Bit of a chill out there tonight. The season is in a state of change, the landscape looks weary.
There's a big full moon hanging in the southern sky, pearly bright against indigo blackness. I didn't stay out long enough to tune my eyes into stars. That's a treat I'll save for later - I'll open the bedroom window and look out into the blackness, suck in the freshness of the night, wonder what's creeping and crawling, mewing and squeaking. Above, if the sky is clear, will be the greatest show on earth - the circling planets winging on their way. ('On earth' is not strictly true - but you get my drift.) Sometimes there will be a shooting star. I feel excitement but also regret at this planetary demise. I will wish upon this falling star.
Today has been a day of putting the vegetable garden to bed for the winter, tidying and mulching. A day with a golden sunrise and rosy sunset. There are plenty of berries in the hedgerows and the little trees in our new orchard are hung about with apples. It's a fruitful autumn - a sign, I always think, of an earlier mild spring and not necessarily a predictor of a bad winter to come. As I haul out old roots and weeds then fork on something well-rotted, I muse that it only seems brief moments ago that I drew shallow drills in the warming spring soil and sprinkled seed with hopes for a bumper harvest.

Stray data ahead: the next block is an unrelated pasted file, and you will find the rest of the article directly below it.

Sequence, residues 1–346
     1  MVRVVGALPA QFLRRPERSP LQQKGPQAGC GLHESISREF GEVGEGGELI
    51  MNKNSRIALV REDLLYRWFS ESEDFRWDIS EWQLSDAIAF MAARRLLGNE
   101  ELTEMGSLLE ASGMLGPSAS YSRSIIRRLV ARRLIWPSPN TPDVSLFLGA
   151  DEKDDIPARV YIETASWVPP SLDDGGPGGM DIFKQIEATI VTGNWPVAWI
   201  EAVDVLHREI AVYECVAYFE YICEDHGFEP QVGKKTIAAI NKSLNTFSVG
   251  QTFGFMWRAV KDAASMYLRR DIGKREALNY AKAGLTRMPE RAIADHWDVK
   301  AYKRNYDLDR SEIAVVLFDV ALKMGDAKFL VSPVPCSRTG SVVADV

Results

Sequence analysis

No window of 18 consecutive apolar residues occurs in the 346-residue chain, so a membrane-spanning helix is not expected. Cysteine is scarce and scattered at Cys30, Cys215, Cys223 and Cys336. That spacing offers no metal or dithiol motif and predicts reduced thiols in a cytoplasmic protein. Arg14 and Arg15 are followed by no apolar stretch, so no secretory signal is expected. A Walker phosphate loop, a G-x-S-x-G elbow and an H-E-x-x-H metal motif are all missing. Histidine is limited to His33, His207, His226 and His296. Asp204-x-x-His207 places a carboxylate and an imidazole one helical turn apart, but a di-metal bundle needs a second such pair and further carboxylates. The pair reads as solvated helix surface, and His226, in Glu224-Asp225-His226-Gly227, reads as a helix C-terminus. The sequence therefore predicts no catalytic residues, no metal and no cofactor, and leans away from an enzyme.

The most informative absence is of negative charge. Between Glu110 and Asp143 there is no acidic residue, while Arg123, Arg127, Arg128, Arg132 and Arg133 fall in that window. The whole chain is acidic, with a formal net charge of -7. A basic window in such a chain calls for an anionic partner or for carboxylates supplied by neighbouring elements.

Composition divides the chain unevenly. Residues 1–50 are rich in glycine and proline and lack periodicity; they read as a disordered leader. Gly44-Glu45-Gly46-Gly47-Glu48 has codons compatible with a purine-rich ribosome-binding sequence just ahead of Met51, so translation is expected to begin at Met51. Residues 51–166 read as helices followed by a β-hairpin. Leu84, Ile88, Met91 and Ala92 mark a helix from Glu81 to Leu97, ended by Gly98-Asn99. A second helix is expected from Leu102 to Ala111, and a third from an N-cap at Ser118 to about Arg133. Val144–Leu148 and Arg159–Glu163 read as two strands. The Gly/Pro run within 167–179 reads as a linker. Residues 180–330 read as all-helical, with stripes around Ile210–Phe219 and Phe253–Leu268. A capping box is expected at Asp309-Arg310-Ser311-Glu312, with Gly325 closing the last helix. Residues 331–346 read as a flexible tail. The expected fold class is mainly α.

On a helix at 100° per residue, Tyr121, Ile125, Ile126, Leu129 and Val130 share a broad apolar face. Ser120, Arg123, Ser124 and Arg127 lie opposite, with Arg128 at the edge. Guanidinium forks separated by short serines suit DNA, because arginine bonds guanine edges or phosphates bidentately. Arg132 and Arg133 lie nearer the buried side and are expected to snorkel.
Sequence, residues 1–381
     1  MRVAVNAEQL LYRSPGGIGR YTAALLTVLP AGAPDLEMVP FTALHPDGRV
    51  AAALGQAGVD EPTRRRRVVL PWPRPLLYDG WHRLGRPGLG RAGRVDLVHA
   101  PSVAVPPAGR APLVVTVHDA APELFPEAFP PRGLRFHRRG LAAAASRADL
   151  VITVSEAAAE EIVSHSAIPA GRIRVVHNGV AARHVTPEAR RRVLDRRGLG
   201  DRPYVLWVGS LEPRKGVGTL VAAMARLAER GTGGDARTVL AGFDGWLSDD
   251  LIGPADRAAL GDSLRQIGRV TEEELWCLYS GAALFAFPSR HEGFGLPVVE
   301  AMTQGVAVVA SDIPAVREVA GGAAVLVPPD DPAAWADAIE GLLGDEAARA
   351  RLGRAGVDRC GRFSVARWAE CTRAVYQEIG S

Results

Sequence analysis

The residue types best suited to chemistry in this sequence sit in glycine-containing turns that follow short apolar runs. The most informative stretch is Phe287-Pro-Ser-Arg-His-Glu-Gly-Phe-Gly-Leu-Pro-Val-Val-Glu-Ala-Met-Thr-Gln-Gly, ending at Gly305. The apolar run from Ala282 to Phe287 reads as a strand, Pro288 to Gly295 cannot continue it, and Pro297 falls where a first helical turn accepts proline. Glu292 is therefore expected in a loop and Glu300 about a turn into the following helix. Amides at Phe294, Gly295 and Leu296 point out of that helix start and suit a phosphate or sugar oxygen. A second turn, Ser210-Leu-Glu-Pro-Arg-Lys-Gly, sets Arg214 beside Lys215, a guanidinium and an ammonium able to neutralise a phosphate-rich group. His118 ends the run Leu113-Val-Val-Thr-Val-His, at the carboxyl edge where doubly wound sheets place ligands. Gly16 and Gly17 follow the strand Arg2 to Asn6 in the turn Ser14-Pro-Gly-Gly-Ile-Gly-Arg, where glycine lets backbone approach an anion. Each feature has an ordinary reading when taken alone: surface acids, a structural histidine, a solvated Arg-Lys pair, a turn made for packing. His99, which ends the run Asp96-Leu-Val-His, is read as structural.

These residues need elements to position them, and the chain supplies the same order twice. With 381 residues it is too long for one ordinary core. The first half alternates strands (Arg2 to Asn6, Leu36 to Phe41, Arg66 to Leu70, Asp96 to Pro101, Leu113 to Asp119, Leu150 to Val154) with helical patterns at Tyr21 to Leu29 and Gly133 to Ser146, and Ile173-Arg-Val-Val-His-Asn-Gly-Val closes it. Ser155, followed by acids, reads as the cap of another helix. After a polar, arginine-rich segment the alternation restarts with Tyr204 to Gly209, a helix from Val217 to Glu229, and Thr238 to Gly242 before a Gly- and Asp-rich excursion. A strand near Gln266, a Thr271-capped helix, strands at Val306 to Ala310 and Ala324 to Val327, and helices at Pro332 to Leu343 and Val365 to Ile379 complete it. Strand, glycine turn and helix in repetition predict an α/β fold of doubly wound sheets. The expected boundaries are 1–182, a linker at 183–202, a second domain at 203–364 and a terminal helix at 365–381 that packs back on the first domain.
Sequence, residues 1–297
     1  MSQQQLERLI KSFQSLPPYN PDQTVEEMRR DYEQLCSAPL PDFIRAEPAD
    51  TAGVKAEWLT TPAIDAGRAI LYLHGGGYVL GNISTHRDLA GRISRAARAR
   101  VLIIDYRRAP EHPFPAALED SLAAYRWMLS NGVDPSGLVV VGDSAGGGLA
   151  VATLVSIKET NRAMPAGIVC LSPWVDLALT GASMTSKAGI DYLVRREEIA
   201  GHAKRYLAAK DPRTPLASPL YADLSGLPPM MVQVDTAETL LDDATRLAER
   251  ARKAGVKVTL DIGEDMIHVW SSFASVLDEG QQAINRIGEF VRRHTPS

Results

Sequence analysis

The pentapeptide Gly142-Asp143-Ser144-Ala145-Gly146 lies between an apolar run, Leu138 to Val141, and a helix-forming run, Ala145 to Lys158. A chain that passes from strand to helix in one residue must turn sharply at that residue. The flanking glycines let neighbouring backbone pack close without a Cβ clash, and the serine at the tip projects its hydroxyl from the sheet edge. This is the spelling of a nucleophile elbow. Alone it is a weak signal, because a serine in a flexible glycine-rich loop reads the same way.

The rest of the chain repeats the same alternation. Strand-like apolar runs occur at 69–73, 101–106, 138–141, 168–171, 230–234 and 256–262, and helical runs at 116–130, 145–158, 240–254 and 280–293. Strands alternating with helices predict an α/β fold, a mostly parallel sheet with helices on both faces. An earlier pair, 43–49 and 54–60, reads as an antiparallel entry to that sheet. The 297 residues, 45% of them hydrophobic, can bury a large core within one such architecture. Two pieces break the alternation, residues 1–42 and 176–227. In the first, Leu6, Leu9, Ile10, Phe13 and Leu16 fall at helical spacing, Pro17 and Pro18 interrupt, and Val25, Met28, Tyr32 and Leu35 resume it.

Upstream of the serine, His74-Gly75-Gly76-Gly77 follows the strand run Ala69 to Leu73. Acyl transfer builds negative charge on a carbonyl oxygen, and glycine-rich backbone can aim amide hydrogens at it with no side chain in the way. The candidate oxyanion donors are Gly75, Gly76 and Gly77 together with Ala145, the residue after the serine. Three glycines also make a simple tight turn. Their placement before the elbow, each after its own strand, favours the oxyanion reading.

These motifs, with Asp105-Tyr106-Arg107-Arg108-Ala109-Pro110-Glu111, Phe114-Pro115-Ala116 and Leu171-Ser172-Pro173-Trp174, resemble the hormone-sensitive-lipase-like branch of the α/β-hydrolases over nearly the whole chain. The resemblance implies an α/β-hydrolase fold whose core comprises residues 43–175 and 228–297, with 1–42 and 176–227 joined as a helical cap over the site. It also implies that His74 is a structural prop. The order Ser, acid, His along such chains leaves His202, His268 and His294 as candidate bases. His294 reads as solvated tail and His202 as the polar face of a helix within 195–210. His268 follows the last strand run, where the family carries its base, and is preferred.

For us, here at the end of the Long Mountain, gardening hasn't been terribly rewarding this year. But with the optimism that keeps growers everywhere growing we note the changing season and turn to our seed catalogues and begin planning what will go where, next year.
2008 will be the year I grow a swede bigger than a tennis ball - and oh! I've just remembered, 2008 will be the year when we can harvest our first asparagus. Hurrah! Bring on the Hollandaise, shaved Parmesan and melted butter.......